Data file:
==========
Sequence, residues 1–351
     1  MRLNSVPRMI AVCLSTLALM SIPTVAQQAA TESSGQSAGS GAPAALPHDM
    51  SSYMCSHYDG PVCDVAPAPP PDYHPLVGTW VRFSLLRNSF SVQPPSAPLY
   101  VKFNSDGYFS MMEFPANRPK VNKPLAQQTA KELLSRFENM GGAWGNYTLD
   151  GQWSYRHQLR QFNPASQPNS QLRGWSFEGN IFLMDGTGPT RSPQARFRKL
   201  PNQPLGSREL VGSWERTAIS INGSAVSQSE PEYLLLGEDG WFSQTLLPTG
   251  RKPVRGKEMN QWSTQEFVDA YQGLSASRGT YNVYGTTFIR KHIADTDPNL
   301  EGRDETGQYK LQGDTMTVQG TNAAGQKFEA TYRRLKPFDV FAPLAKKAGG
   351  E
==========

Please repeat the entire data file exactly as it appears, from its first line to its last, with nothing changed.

Sequence, residues 1–351
     1  MRLNSVPRMI AVCLSTLALM SIPTVAQQAA TESSGQSAGS GAPAALPHDM
    51  SSYMCSHYDG PVCDVAPAPP PDYHPLVGTW VRFSLLRNSF SVQPPSAPLY
   101  VKFNSDGYFS MMEFPANRPK VNKPLAQQTA KELLSRFENM GGAWGNYTLD
   151  GQWSYRHQLR QFNPASQPNS QLRGWSFEGN IFLMDGTGPT RSPQARFRKL
   201  PNQPLGSREL VGSWERTAIS INGSAVSQSE PEYLLLGEDG WFSQTLLPTG
   251  RKPVRGKEMN QWSTQEFVDA YQGLSASRGT YNVYGTTFIR KHIADTDPNL
   301  EGRDETGQYK LQGDTMTVQG TNAAGQKFEA TYRRLKPFDV FAPLAKKAGG
   351  E